My ex isn’t good at being alone. So I knew that after we separated he would likely pair up in fairly short order. As expected, within a few months, he had a steady girlfriend, and by the six-month mark, he’d settled into a serious relationship with the woman he’s still with. (So much for taking some time to process your baggage and figure things out. Oh well, to each his own, I suppose.)
His dating didn’t bother me — he is seriously an ass to deal with if he’s not getting laid, so I was glad for all of us that someone was taking care of that — but what I noticed, and what did bother me tremendously, was how he checked out when he got wrapped up in a woman. Getting a response to a text or email or phone call was difficult, and he was chronically trying to unload the children on me or his family during his parenting time, so that he could go play with his friends or his girlfriend. My daughters complained that even when he was around, he was constantly texting or talking on the phone and generally not attentive. Basically, he wasn’t “plugged in” to them and their needs, and at times it was painfully obvious to all of us. You can’t phone it in as a parent and do a good job. You simply can’t.
Part of me understood where he was at. When you first get involved in a new relationship, there’s that heady period in which you become completely absorbed by and infatuated with your new lover. You talk and text all the time, have sex like bunnies, and generally bask in the warm chemical cocktail of all the great hormones that are released when we start to fall in love with someone. Everything else seems to fall away and we steal every moment to grow and nurture our new relationship. So my ex’s behavior wasn’t unusual or wrong, exactly, but it was maddening for me and hurtful for our kids. So one night, after yet another email explaining why the kids needed to see him on a weekend that was his, and that, no, I wouldn’t watch them for him, I wrote “I think the problem here is that you’re more interested in being a single person than being a single parent. Maybe we should revisit our custody agreement.”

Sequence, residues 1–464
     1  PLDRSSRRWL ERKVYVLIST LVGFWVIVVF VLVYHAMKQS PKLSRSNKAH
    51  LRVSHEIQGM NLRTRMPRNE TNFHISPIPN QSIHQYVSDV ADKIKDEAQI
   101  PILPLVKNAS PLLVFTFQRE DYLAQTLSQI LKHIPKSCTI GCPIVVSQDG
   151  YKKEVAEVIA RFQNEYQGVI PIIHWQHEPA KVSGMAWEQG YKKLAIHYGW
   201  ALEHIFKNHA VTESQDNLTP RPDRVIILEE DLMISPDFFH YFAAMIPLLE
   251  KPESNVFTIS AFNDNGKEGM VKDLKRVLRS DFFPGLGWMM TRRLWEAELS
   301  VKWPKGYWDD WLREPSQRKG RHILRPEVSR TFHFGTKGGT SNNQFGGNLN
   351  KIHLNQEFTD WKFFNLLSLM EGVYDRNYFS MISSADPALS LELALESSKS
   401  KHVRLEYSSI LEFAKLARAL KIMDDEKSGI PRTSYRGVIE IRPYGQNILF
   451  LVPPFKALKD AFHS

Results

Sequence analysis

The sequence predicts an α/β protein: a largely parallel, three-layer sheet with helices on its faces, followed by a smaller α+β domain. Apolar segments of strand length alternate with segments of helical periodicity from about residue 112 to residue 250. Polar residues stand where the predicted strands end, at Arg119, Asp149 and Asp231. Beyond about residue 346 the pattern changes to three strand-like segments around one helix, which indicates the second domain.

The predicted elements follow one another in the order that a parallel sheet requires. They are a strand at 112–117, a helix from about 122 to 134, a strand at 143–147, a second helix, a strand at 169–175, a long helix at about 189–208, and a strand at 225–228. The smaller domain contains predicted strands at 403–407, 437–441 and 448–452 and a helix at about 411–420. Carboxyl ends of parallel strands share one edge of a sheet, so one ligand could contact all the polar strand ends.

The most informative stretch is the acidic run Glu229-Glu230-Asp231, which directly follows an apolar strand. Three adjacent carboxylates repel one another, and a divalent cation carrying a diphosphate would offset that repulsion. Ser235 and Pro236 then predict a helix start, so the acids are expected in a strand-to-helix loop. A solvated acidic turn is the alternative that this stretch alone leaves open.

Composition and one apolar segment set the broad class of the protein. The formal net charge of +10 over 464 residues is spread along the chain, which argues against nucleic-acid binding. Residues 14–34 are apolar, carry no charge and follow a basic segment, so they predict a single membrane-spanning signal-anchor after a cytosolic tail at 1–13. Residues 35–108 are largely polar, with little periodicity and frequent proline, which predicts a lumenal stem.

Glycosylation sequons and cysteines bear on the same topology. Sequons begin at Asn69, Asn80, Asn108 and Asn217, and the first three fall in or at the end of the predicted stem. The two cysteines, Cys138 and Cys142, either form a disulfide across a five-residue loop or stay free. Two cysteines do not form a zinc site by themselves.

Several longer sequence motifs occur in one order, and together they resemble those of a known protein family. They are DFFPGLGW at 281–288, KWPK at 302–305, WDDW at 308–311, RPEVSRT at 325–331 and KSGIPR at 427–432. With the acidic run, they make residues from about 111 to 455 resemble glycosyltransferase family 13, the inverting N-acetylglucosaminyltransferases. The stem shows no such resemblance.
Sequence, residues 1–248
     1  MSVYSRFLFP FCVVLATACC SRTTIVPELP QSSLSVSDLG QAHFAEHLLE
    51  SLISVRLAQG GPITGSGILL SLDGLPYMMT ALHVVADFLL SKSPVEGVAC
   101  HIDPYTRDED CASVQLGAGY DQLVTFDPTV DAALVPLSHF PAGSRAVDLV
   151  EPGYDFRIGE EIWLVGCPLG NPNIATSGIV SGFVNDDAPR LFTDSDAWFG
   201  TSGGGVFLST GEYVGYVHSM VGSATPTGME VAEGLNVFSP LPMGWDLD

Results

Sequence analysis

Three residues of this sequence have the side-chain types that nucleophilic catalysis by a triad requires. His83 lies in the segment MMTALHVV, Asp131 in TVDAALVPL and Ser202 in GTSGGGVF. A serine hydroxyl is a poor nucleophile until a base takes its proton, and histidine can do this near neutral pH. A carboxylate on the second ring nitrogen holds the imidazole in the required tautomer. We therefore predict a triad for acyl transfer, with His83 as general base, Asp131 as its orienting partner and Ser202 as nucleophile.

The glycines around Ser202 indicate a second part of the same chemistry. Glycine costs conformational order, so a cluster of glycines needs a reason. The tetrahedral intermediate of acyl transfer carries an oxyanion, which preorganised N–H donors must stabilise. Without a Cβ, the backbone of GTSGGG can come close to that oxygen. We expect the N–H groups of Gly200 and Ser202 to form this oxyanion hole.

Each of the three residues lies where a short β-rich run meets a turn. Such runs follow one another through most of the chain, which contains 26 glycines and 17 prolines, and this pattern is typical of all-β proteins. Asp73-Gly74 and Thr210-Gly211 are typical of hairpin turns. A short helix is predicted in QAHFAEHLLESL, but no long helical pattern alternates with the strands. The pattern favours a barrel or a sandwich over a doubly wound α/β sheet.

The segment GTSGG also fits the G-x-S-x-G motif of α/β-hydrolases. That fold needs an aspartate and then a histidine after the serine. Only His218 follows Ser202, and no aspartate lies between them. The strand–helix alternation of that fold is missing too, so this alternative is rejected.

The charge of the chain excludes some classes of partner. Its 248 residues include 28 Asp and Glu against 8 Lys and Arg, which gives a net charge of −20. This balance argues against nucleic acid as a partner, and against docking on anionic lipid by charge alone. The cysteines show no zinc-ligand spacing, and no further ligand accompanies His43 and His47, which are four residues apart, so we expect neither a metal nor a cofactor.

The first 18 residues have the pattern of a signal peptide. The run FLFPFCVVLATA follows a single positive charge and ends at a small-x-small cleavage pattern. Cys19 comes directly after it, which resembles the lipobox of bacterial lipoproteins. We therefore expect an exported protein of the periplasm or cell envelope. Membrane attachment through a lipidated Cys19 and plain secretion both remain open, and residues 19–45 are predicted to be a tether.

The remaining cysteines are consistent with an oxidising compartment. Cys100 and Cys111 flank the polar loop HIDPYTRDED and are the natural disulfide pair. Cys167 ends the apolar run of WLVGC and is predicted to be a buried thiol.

He didn’t reply, and indeed, radio silence was the rule for the coming weeks. But I found out later that he’d taken my words to heart and actually broken up with his girlfriend briefly during that time, which I should have deduced from the fact that he almost immediately seemed more present in co-parenting and engaging with the kids. Suddenly, my emails, texts, and phone calls were answered in a timely fashion and with due thought given to the matter at hand. I was grateful. But then they got back together and he disappeared. Again.
I am not unsympathetic to his situation. Really, I’m not. I’ve had my own forays into the serious relationship realm, during which I have struggled to stay plugged in to my kids. I have had to be consciously present for them when they want to tell me about their days or ask my advice or just plain spend time with me. Children are not at all apologetic for their neediness, and mine are very clear when they feel that their needs or feelings are being shunted to the side. Sometimes it’s really, really hard to remain engaged, but I know that it’s important and vital to their well-being. So I try.
And maybe he’s trying, too. It doesn’t look that way from where I’m sitting, but I also don’t know what other demands are being made on him. Maybe his girlfriend resents his being distracted. Maybe she pressures him to spend his time and money with her rather than his kids. Maybe she feels that her own needs aren’t being met.